The 10 Year Neo1973 Anniversary Aftermath
Recently my feed reader delivered the news to me that ten years had passed since the release of the first Openmoko phone, the Neo Freerunner. For this occasion, two people, Michael Lauer and Harald Welte, then involved into the project have written special blog posts.
Looking Back at the Situation and Flaws
It was interesting to look back and realize, that not only the Neo 1973 had been announced before the the announcement of the Apple iPhone, but had been to market at roughly the same time. Android followed later with an US launch in the late summer of 2008. As connaisseurs will certainly know, the Neo 1973 (named after the year the first mobile phone call had been placed) would not remain Openmokos only smartphone, but be followed up by an improved, iterative device (which was produced in way larger numbers) called the Neo Freerunner. Unfortunately, both smartphones were even then limited in hardware. At a time, where capacitive touch screens at sizes of 3 inches+ were the shit, Openmoko had kept a 2.8inch resistive touchscreen atop a VGA display (which was high res at that time, with the original iPhone and also the HTC Dream featuring HVGA displays (480×320)), which unfortunately for “finger touching”((Yes, there were these things they called styli, remember?)) did not sit flush. So while the display was partly good, partly not so great, the CPU of choice were from Samsungs S3C24xx family (ARMv4 architecture, ARM9 single core) clocked at 233 and 400 MHz respectively. Connectivity features included WLan b/g, Bluetooth 2.0 and GPRS, whith GPRS also being dated already in a time where phones at least had EDGE (OG iPhone) or 3G technology (Windows Mobile Smartphones and also early Android phones). On top that, as one more nail in the coffin the graphics acceleratorof the Neo Freerunner turned out to be a graphics decelerator, as it could accelerate anything at the then high VGA resolution.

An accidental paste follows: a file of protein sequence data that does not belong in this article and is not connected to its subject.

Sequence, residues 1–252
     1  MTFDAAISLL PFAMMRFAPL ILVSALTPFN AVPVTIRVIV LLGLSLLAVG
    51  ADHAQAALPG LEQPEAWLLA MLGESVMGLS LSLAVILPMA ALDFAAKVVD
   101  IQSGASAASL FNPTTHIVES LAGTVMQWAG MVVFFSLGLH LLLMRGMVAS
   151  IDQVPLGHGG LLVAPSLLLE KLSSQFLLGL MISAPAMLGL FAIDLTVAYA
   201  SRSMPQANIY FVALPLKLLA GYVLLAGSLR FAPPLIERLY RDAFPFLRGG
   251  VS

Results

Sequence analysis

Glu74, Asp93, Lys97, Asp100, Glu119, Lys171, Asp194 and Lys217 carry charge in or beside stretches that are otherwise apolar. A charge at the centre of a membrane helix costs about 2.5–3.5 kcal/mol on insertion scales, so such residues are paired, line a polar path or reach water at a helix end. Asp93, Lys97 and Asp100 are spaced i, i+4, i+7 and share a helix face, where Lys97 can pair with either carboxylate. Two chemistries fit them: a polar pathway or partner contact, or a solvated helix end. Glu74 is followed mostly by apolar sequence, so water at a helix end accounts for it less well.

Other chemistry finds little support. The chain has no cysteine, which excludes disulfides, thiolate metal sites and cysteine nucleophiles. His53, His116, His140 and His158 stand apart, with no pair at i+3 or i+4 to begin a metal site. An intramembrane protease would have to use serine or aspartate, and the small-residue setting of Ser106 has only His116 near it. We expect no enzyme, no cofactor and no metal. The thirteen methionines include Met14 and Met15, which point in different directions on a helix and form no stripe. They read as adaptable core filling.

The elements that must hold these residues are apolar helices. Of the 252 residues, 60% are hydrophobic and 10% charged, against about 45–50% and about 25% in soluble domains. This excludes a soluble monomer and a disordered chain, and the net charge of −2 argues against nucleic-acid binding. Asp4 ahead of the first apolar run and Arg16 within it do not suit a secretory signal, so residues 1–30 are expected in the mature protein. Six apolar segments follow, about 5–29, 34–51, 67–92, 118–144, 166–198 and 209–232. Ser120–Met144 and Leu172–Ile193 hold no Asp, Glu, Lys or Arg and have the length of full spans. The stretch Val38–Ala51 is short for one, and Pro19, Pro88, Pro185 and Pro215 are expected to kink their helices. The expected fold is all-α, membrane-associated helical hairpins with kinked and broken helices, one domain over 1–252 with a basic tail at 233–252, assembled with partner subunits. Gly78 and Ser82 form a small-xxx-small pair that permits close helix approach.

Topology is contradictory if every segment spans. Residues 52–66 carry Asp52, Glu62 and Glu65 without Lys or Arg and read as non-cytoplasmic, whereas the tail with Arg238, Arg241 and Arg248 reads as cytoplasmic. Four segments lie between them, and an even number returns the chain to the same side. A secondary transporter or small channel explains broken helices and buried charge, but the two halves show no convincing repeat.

Also, the software stack did not convince at first try and required rearchitecturing, which afair happened even twice.
Reasons for Failure
Aside from the shortcomings of the device, the 2007/2008 financial crisis did not help the company either, as it was a little subsidy of First International Computers, a taiwanese OEM/ODM, and the main other players in the smartphone market were Apple, Google (+ established hardware partners like HTC, Samsung, Motorola and Sony), Apple and Microsoft (+ hardware partners, see Android; which was early and failed due to market forces). Due to financial troubles, Openmoko had to realize, that the successor to GTA01 (Neo 1973) and GTA02 (Neo Freerunner), the GTA03 which was to be powered by more beefy hardware set to fix the flaws of the earlier devices, had to be cancelled (Mickeys blog post has a photo of a prototype of the device which I did not see back then). While some went on to use their GTA02s, this ended the idea of a niche with potential for mass market phone to run free software plus maybe a few blobs, that most importantly run on a SoC which is not controlled by the modem. ((Which due to regulations must run proprietary firmware.)) (I will just shortly mention the GTA04 and Neo900 project here, which – while great – certainly do not have mass appeal at all and still feature single core SoCs).
Who is Purism?
Now, Purism! Purism is also a startup, and they have been delivering some Linux hardware already with their Librem 13 and 15 laptops, which they launched using crowd funding campaign (which, by the way, was not around in the Openmoko days). For now, their smallest offering is the Librem 11 tablet/convertible. The Librem 13 v1 laptop supports Coreboot despite being an Intel Skylake (6th gen i*), an opensource BIOS/UEFI-replacement, which is important as it shows that Purism is (despite early mixed reviews of their first laptops) not only trying what they can to deliver on their promises but also have a proven track record.